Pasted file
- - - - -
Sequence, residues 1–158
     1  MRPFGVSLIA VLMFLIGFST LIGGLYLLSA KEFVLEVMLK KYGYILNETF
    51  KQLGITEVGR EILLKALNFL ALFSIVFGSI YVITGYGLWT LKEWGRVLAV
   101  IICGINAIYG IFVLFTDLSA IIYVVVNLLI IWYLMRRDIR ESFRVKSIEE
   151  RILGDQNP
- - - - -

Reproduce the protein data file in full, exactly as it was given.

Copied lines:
Sequence, residues 1–158
     1  MRPFGVSLIA VLMFLIGFST LIGGLYLLSA KEFVLEVMLK KYGYILNETF
    51  KQLGITEVGR EILLKALNFL ALFSIVFGSI YVITGYGLWT LKEWGRVLAV
   101  IICGINAIYG IFVLFTDLSA IIYVVVNLLI IWYLMRRDIR ESFRVKSIEE
   151  RILGDQNP